Big challenges remain in ensuring universal, high-standard evaluation of behaviour change interventions aimed at making people safer on the roads.
That’s the headline finding of a new report, authored for the RAC Foundation by Tanya Fosdick, head of research at Agilysis.
The report says many practitioners feel that they lack a professional identity, possibly caused by the absence of a professional qualification, “with participants suggesting that it can feel daunting to have one’s work judged; this in turn means that only positive evaluation results are published”.
Financial constraints also limit the amount of evaluation being carried out.
As part of the research, presented at the 2019 National Road Safety Conference on 13 November, practitioners were asked to complete a survey – while three focus groups were held with participants including road safety officers, road safety managers and fire and rescue officers.
The report also says financial constraints limit the amount of evaluation being carried out.
It identifies five groups when it comes to evaluation, with each having clear characteristics:
- ‘Absolute beginners’ – who used no behaviour change theories in intervention design, and evaluated none of their schemes
- ‘Believe in yourself ‘– who used behaviour change theories for less than 50% of their interventions and evaluated less than 50% of them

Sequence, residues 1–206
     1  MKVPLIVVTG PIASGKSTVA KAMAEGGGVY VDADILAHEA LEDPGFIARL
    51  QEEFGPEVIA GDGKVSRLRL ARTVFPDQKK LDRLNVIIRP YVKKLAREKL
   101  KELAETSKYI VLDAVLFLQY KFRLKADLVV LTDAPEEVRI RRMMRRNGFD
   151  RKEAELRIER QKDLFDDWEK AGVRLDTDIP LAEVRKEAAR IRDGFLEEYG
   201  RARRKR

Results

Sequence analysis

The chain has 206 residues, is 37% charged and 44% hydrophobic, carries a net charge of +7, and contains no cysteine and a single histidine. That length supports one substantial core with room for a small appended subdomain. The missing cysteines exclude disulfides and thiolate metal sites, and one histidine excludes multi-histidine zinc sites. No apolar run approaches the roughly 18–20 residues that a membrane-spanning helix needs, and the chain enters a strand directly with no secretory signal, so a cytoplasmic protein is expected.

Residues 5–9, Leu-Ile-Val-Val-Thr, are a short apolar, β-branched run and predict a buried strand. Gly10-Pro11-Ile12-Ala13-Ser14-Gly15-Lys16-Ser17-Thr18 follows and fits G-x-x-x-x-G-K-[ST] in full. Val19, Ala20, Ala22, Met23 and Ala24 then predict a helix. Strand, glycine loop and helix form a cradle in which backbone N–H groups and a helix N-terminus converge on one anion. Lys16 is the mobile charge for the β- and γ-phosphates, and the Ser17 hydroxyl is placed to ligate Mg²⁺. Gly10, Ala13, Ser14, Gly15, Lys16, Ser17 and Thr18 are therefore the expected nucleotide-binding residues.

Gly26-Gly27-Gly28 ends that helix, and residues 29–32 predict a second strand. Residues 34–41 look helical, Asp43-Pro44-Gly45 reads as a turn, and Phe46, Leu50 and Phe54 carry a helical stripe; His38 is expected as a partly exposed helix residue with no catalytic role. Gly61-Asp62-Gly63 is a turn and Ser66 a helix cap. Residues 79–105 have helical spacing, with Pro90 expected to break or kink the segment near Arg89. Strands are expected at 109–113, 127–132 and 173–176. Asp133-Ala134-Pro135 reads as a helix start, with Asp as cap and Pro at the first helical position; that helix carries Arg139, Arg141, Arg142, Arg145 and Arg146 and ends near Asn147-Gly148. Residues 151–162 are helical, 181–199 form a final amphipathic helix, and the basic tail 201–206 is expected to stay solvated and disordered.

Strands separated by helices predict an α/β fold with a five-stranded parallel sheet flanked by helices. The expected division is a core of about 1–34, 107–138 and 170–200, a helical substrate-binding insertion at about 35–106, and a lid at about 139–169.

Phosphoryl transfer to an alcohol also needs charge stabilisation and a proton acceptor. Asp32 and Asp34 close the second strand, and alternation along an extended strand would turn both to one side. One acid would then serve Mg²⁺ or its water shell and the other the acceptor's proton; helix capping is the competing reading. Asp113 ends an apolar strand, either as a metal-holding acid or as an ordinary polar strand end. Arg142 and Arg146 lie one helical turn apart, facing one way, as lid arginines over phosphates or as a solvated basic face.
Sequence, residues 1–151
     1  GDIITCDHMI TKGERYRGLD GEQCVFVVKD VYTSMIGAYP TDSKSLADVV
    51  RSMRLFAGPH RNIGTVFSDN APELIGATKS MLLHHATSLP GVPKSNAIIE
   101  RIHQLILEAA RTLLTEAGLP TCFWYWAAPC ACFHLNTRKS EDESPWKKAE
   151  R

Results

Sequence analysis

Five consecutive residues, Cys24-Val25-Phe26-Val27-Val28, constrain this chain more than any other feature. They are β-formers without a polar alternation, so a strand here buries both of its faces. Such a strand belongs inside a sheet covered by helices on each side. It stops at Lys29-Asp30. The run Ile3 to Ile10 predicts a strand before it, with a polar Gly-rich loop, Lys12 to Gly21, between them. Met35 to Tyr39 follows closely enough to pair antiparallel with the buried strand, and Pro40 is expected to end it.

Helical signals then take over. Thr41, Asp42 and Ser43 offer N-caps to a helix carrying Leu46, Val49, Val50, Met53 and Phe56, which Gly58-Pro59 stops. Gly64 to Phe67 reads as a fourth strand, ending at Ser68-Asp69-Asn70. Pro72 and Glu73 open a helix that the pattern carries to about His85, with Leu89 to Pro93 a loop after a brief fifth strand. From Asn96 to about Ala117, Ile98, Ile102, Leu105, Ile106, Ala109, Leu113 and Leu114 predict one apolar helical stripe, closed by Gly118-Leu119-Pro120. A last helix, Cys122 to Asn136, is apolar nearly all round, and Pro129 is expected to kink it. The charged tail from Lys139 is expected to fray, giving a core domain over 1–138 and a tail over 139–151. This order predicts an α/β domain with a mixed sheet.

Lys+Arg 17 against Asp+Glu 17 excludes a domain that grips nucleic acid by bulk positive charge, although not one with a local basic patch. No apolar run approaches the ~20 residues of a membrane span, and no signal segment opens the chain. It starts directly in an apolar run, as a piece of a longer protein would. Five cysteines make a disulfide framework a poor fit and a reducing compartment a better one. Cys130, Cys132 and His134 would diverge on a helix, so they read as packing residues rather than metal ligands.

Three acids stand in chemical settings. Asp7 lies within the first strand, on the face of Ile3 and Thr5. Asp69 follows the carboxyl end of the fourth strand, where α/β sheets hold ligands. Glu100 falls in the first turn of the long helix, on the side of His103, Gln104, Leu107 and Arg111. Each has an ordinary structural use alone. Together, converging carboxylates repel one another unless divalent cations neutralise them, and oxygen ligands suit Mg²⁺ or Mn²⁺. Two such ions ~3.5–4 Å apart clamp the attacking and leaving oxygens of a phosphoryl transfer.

- ‘A little knowledge’ – those who used behaviour change theories for less than 50% of their interventions but evaluated more than 50% of them
- ‘Measure twice, cut once’ – those who used behaviour change theories for more than 50% of their interventions but evaluated less than 50% of them
- ‘Walking the talk (mostly)’ – those whose used behaviour change theories for more than 50% and evaluated more than 50% of their interventions
Tanya Fosdick said: “What struck me was the desire for a professional identity, that comparisons were made with engineering and public health, with those comparisons giving those in road safety education a sense of inadequacy and feelings of not being taken seriously.
“Many of the themes from the focus groups echoed those which emerged from the surveys. Limited qualifications can lead to a lack of professional identity in a diverse sector.
“In the survey, it was found that not all respondents were evaluating their interventions, a finding that was explained in the focus groups, with participants suggesting that it can feel daunting to have one’s work judged; this in turn means that only positive evaluation results are published.
“There was also an acknowledgement that good-quality evaluations can be expensive, and that this expense can lead to compromises in approach.”